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“Remember When We…?”: Personal Memory in Family Visits to History Museums

Thesis by Abby Rhineheart (2018)

As children grow up, they do not just learn about history in school, but develop an image of the past from extracurricular influences, including family members’ stories and memories. Studies of family talk in museums suggest visitors often share personal memories within these contexts. However, these studies have not systematically or deeply interrogated the nature of memory sharing. The purpose of this study was to describe, first, the ways in which family groups visiting history museums use personal memories to collectively make sense of history and, second, what exhibit content or components seem to prompt the sharing of these memories. Using a qualitative survey design, this study examined the frequency, nature, and locations of visitor memory sharing in three history museum exhibits, with video recordings and self-administered questionnaires of 27 families. This study found that families frequently share personal memories in history museum visits. Caregivers are central figures in these conversations, which share a variety of different types of information. Overall, personal memory sharing seems to be prompted by particular elements of exhibit content. Understanding this type of family talk can help history educators from both formal and informal sectors better understand how young people’s ideas about the past develop and consider how personal memory relates to young people’s learning trajectories.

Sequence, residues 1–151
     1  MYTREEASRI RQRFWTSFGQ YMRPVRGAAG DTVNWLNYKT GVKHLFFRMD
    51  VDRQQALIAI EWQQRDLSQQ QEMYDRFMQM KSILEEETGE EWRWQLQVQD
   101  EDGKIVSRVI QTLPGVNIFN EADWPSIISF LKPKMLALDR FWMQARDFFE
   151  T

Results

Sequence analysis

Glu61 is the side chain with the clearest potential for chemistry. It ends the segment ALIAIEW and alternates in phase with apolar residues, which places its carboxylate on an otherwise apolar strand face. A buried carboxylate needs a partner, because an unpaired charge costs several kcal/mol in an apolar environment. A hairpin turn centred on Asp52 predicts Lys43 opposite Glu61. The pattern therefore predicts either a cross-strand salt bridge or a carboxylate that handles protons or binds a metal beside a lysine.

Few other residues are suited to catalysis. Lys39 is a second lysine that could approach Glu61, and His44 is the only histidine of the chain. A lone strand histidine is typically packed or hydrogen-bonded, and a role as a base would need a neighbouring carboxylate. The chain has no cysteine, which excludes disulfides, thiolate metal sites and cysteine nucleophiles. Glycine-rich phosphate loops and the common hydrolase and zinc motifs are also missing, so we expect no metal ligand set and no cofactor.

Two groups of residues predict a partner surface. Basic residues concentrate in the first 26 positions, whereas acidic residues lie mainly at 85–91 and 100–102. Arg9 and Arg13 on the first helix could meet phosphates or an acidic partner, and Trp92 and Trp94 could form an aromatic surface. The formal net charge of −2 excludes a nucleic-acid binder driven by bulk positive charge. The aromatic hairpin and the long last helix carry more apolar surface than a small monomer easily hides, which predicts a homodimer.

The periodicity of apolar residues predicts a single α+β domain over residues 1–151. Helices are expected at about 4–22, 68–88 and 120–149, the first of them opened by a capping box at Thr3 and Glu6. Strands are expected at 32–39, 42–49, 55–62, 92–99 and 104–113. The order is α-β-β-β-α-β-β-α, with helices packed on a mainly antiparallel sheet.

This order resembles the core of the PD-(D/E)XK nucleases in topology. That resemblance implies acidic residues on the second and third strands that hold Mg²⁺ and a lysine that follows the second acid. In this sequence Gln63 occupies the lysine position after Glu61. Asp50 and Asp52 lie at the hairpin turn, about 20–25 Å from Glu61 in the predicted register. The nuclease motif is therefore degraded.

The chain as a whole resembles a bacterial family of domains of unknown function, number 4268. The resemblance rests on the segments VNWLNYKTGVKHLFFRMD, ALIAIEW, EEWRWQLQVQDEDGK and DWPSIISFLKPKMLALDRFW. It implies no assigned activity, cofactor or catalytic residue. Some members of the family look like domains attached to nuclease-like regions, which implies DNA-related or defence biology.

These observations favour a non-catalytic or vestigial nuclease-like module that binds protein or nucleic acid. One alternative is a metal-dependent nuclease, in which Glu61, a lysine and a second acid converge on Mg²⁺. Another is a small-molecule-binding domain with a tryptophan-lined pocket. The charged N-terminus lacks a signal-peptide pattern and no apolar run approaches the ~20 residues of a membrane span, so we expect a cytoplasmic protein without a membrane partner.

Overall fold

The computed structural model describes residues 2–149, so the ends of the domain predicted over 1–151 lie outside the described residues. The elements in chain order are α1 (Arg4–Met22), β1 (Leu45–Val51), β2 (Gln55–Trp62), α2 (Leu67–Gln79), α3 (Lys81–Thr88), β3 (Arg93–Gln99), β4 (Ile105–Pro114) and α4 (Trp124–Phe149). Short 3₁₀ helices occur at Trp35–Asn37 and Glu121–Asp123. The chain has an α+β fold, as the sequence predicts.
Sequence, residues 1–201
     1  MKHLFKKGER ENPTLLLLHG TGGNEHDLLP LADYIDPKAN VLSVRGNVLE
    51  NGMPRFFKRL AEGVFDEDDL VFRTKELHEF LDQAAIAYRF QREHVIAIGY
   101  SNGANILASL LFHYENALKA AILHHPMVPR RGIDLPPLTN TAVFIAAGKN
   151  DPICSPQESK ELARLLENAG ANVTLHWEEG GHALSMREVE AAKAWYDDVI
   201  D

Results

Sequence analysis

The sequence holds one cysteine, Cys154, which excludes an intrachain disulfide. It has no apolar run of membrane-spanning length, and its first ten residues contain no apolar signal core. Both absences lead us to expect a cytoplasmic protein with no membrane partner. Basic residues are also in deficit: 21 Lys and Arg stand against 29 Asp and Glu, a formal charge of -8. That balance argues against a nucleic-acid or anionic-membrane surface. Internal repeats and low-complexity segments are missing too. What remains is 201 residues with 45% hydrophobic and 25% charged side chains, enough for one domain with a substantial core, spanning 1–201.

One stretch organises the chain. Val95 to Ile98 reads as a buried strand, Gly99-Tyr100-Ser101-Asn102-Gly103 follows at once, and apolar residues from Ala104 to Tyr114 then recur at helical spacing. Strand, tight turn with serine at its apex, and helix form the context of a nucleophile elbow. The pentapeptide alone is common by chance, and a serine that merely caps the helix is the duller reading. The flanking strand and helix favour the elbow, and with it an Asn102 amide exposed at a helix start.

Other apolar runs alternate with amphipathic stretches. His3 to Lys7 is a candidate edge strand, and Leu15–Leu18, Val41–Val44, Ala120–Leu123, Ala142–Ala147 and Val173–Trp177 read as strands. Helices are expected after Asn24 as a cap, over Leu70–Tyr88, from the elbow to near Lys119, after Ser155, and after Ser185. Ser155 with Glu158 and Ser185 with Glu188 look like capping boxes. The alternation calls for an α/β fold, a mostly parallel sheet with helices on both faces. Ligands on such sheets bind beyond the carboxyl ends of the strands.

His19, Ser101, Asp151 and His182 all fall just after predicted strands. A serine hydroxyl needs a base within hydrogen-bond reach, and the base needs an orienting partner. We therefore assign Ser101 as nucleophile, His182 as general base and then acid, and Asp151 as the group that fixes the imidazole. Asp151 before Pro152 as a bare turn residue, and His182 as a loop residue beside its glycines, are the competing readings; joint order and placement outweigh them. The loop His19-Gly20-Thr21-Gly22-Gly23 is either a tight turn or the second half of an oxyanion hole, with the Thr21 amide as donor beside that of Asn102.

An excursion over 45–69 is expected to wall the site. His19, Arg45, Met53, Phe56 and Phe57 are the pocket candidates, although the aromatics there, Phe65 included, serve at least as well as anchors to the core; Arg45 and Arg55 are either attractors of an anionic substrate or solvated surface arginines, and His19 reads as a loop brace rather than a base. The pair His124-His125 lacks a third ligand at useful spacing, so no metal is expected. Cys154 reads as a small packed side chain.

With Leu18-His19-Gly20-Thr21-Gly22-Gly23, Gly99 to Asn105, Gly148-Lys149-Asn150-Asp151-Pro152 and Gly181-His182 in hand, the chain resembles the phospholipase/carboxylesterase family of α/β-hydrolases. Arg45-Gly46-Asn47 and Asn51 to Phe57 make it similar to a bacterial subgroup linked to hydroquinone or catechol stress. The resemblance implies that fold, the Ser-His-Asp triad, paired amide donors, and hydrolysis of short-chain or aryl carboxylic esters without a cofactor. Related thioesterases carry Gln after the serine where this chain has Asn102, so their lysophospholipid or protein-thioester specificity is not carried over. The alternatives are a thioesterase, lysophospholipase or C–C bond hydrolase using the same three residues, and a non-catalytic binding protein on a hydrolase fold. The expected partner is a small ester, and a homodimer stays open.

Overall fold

Keywords: Class of 2018, Educational Psychology, History, Museum Studies, Communication and the Arts, Social Sciences, Education, Family Learning, History Learning, History Museum, Memory, Museology, Museum


Rhinehart, A., Luke, Jessica, Parker, Walter, & Taylor, Katie Headrick. (2018). “Remember When We…?”: Personal Memory in Family Visits to History Museums, ProQuest Dissertations and Theses.